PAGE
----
Plastic, or rather plastic materials, have pervaded our lives because they are extremely versatile and have unique characteristics. There is no aspect of our daily activities that does not involve the use of plastic: from shopping bags to washing machines, from clothes to cars, to drinks bottles. The list is endless.

But why has plastic been so successful over the years?

Let's start at the beginning: plastic comes from the Greek “plastikos”, which means suitable for moulding.
Plastic materials are in fact fully malleable during production, and can be formed into any shape.

The history of plastic: from discovery to the 1930s

The history of plastic began between 1861 and 1862, when during his studies on cellulose nitrate Englishman Alexander Parkes isolated and patented the first semi-synthetic plastic material, which he named Parkesine (later better known as xylonite). But for plastic, the first real breakthrough came a few years later, when in 1870 the American Hyatt brothers patented the celluloid formula, with the aim of replacing expensive and rare ivory in the production of billiard balls.
The early years of the 20th century saw the emerging of other plastic materials: Bakelite, PVC and cellophane. But it was the 1930s that marked the real turning point: oil became the starting raw material for its production and processing techniques improved and were adapted to mass production, starting with moulding.

The history of plastic: the 1950s

The 1950s brought the discovery of melamine-formaldehyde resins, which made it possible to produce laminates for furniture and low-cost tableware, while synthetic fibres (polyester, nylon) became increasingly popular as modern, practical and cheaper alternatives to natural fibres. Those years were characterised by the rise of polyethylene - which was not fully established until two decades after its invention -, with a higher melting point that enabled it to be exploited for applications that before were unthinkable, and by Giulio Natta's discovery in 1954 of isotactic polypropylene, which in 1963 won him the Nobel Prize together with the German Karl Ziegler. Polypropylene began to be produced industrially in 1957 under the brand name Moplen, revolutionising homes all over the world and becoming part of the Italian myth of the "economic boom”.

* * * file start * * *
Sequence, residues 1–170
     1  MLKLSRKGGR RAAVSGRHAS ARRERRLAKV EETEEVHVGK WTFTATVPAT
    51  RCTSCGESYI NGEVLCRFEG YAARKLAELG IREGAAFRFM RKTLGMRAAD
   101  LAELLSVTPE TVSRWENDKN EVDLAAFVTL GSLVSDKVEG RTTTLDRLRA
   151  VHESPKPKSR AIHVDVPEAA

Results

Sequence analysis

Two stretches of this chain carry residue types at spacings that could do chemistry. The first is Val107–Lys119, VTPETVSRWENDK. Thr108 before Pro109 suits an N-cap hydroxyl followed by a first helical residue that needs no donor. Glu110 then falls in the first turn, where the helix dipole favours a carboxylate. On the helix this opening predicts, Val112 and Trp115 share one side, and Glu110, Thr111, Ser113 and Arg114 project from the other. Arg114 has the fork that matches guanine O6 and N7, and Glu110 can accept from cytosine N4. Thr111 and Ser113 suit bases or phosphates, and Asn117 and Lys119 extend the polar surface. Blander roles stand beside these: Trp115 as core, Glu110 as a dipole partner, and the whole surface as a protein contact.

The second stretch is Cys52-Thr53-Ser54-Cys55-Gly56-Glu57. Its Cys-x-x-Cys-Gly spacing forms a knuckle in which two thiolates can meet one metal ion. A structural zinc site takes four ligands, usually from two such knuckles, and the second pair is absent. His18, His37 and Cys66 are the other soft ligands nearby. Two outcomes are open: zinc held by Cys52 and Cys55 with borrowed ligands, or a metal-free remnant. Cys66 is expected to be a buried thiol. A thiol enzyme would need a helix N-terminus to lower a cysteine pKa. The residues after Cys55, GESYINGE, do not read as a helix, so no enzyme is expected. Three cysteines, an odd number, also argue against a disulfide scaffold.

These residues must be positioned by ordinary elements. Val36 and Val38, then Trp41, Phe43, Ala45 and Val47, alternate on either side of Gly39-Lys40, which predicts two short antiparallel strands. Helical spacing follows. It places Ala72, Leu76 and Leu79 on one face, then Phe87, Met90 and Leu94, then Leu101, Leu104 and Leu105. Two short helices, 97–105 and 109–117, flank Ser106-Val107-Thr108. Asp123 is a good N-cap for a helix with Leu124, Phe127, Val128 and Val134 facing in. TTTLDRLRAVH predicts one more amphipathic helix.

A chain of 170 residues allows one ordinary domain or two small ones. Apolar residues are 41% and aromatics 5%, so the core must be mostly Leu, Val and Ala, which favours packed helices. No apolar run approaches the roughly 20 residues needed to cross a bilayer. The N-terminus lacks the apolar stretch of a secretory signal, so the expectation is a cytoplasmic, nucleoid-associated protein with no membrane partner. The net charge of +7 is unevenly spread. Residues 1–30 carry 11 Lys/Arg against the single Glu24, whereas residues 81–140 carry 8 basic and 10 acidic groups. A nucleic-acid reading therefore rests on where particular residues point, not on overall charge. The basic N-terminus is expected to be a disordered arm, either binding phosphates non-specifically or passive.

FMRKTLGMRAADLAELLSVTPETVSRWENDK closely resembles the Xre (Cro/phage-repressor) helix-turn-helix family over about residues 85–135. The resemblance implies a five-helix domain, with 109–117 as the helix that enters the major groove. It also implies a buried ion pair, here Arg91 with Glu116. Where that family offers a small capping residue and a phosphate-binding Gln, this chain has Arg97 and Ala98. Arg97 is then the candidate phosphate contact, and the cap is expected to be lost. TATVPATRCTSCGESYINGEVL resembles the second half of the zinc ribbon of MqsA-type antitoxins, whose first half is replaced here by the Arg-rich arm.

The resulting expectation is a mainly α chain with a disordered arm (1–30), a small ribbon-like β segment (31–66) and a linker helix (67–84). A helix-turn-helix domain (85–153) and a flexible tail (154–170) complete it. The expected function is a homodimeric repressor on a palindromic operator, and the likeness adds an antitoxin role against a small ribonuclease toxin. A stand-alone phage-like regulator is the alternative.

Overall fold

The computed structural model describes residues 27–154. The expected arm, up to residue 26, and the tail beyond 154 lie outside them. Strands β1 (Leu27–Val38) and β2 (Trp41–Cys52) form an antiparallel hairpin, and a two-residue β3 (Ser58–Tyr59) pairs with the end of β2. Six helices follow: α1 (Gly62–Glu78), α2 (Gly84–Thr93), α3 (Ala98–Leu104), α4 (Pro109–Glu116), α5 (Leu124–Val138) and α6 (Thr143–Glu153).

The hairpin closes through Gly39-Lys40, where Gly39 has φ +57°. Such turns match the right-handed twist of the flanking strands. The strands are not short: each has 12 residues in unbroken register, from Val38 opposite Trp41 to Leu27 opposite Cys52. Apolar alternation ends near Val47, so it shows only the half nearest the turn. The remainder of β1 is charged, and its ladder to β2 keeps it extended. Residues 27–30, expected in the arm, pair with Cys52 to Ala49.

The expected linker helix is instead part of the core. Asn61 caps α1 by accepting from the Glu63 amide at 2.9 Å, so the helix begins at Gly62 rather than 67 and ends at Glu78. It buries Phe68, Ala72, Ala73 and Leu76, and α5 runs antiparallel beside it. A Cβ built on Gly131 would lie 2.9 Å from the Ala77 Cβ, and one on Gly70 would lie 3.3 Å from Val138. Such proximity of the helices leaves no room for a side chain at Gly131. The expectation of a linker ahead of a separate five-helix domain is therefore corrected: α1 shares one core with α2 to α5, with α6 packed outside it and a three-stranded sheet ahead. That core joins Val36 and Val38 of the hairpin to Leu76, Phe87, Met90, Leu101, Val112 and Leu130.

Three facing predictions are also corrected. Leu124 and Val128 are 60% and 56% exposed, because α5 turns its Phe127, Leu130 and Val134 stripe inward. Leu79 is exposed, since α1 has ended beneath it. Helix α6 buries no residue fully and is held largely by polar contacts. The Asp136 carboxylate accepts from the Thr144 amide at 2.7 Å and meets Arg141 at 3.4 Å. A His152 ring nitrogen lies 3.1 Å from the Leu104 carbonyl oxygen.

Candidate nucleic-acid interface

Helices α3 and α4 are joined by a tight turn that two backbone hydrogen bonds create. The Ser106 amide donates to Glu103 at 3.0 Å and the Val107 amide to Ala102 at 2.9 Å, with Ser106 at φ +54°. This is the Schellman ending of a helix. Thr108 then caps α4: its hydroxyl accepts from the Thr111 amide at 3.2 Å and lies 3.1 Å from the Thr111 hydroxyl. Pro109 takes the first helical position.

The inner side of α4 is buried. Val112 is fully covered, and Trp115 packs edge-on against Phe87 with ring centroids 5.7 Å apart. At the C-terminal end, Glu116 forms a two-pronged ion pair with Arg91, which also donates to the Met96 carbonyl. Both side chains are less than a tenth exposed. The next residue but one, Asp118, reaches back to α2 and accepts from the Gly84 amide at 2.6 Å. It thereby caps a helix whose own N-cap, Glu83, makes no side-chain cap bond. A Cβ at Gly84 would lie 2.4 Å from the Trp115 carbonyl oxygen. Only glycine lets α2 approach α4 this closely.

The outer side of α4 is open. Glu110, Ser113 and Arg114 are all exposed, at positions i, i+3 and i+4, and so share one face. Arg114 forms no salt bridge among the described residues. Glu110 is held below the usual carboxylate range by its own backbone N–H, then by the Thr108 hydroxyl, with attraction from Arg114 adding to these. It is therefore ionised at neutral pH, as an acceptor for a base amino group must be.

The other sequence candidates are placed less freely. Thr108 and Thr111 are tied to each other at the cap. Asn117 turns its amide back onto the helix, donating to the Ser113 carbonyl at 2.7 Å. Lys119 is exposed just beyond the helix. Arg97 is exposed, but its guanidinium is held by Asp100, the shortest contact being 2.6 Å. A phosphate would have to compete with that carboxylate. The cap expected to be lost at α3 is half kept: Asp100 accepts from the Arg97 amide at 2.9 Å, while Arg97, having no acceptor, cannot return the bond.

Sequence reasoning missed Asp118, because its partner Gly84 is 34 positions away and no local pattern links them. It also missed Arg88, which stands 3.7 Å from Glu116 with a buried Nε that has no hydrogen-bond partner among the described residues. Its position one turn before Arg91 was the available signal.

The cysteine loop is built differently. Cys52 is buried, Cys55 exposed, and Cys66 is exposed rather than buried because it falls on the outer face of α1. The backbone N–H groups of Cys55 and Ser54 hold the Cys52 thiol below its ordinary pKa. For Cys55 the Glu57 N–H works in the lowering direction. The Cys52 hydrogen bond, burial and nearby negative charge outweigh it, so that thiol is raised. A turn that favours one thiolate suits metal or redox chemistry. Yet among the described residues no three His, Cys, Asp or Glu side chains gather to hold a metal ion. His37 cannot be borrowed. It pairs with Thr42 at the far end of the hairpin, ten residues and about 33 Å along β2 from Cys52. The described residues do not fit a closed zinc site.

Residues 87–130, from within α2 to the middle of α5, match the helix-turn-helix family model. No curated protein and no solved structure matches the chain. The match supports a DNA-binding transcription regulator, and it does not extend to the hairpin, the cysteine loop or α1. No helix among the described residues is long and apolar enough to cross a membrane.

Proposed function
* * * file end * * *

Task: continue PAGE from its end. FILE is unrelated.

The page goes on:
The history of plastic: from the 1960s to today

The 1960s saw the definitive establishment of plastic as an irreplaceable tool in everyday life, and as a new frontier in fashion, design and art. Plastic burst into the daily lives and the imagination of millions of people. It became a fixture in kitchens and living rooms, giving the masses access to products previously reserved for the privileged few, simplifying gestures, colouring homes, revolutionising habits established over centuries and helping to create the modern lifestyle.
Since then, the race to discover plastic materials has never stopped: the development of technopolymers, which have both thermal and mechanical resistance characteristics that are still partly unexplored, has led to strong technological growth and a continuous affirmation for increasingly sophisticated and unimaginable applications.

FITT and plastic

The entrepreneurial adventure of FITT in the world of plastic dates back to 1969, when Rinaldo Mezzalira founded Viplast, a company specialising in PVC processing, which later on became Fabbrica Italiana Tubi e Trafilati, or FITT. 53 years have passed since then, and FITT is now in its second generation led by Alessandro Mezzalira, has more than 100 registered patents, 9 production plants and almost 1000 employees. Its products are exported to 90 countries worldwide and are used in the domestic, industrial, professional and construction sectors.

Continuous research into innovative materials has led to the creation of products that have revolutionised the markets and set new quality standards: such as the NTS technology, which prevents the formation of kinks and knots, the patented Chlorine Defence System (CDS) for swimming pool hoses, Acua, the first phthalate-free hose with FCU (Food Contact Use) patent, Native, the first PVC-free hose, the FITT Bluforce system made from PVC-A, FITT Force, the compact and lightweight garden hose that brings together two separate technologies, NTS and HD Tech. And many more.

It’s on the study of transformation processes, material research and the development of new technopolymers, both at its own laboratories and in partnership with research centres and universities, that FITT bases its business strategy, with the aim of finding innovative solutions capable of meeting the environmental challenges of today and the future.